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CQWW WPX Contest, SSB   2017   Mar 25   Claimed Score

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Call: WW2DX
Operator(s): K2NG NA2AA W2RE WW2DX
Station: W1/EASTPORT

Class: M/S HP
Operating Time (hrs): 48
Location: USA
Remote operation

Summary:   Compare Scores
Total:3601Prefixes1297Total Score13,661,301


Club: Frankford Radio Club

Comments:     [email]     2017-03-29 08:13:38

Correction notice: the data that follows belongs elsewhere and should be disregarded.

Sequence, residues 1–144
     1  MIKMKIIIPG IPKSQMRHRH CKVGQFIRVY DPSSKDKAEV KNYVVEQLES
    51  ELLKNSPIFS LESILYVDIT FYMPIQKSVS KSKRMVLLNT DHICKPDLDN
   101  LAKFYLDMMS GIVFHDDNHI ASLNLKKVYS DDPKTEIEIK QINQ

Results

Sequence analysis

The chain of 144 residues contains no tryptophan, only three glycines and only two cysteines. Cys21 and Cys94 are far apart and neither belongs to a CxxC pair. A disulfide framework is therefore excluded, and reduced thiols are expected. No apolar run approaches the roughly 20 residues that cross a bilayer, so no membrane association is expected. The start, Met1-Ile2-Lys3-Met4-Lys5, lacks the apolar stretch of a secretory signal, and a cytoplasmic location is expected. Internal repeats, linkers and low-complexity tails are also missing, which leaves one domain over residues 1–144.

Lets do WPX. It’s hard to believe that its been close to 3 years since WRTC 2014 and that was the last time myself and W2RE have operated a contest together. Like all contests, there is a fury of activity just before the start to make sure everything is in order for the test. The big issue this time around was locating the 4O3A lockout box which was found less than 24 hours before the contest that was buried in a box and collecting dust. After wiring up the foot switches, testing the station for full operation we were ready to make a go at it. This is the first time we have tried a full remote M/S event. The location of the actual operators was at our RHR office in Pawling, NY. The office space is new, warm and walking distance to most anything we need. W2RE posted on Facebook Thursday looking for any ops who would like to join our team. Luckily Noah K2NG and Dave NA2AA both replied and said they could join us! The setup. We had two K3/0’s setup in the office, one was the run radio and other was for chasing mults. Unfortunately, the station in Eastport has been initially built for DXing so there are no filters installed at the station yet. This caused a lot of hash on the 2nd radio and removed the ability to use the 2nd radio on the same band so we were limited to about 5 mults per hour to keep in with the 10 band change rule. We also had some sort of audio issue on the mult radio which we ended up solving by replacing the wall wart power supply. During the battle. The first night is always a grind. We used the built in score reporting tool in N1MM+ to post our real time score to which worked flawlessly. The first night it was clear everyone was dealing with the same conditions and slow rates. At 4:45am EST the game changed for us, this is when the first EU contact was logged on 20m. After that point we were off to the races and rate kept climbing and we clearly watched our score start to pull away from the rest of the pack. Miraculously we were able to keep this lead for most of the remainder of the contest but more on that a little later. Saturday night we had a great opening to Asia on 20m, really loud JA’s and another nice run of BY’s, HL’s and YB’s. What a rush it is to see just about every qso logged show up red in the entry window! Although a nice run to Asia we logged very little VK/ZL during this time, we even spent some time becoming directly to the VK/ZL but could not stir up any takers. The only station problem we had all weekend happened around 2am Sunday morning the tower would not rotate CW. We could move CCW and we did a few times in short increments to see if we could get it to swing back CW but no deal. After trying everything we could being over 500 miles away we just had to deal with it. The stacks were pointing to 29deg and we were nervous come the 20m opening. We feared being that far north and the narrow beam width of the stack would surely kill our advantage during the 20m opening, we were wrong. We ended up getting a huge run of asiatic russians with all kinds of unique prefixes which we would never have worked with the wall of central and southern EU! I guess a blessing in desguise which worked out for us and we were able to sustain our lead. Without any explanation we tried the CW direction later in the morning and things were working as expected. Gremlins. We ended up spending more time on 80m since the band was not as crowded as 40m while still being able to sustain a EU run. Another nice advantage of being that far north and east. Station performance. Operating this station for the past year and it never ceases to impress. You can listen to EU around the clock on 40m. We recently had fiber installed at the site and you would simply never know you were operating 500 miles away from the transmitters with perfect and flawless connections, still seems like magic. Sure beats the 18 hour round trip drive! Some pics of the station and the operators. This is going to be close. Wow, what a rush it was watching the scoreboard! To be honest I thought the half a million lead was going to be easy to sustain, well it wasn’t. Truth be told, one of the big advantages we had was 15 meters never really opened. If 15m opened the numbers would have been much different. The first 45 hours of the contest everyone was basically on 1 or 2 bands but the last 3 hours more bands were open and that's when our lead was quickly closing directly in front of us, every 5 minutes of the refresh the gap was getting closed. The WX3B team did tremendous job hammering away at the last 3 hours of the test. I bet if we listened really hard we could hear Jim cracking that whip! Within the last 10 minutes the WX3B team had just edged ahead and we were in adrenaline mode, I think W2RE lost his voice from the last hour of the contest! It was also great to see a young M/M team at K1TTT (NE1C) who did a great job! Finishing up. Thanks to Noah and Dave for joining us last minute, we enjoyed their company and their operating skills! Congratulations to all the other operators who toughed it out over the weekend. I’m proud of all the hams who through the decades have pushed the envelope further and further in technology. We had four guys sitting in a warm office in NY playing radio with absolutely no issues operating a station over 500 miles away just like we were sitting at the station. Exciting times for the hobby. 73 Lee WW2DX W1/Eastport K3’s + Expert 1/1.3K Amps 10m - 8/8/8 15m - 4/4/4 20m - 4/4/4 40m - 3 elements 80m - 4 Square 160 - Inverted L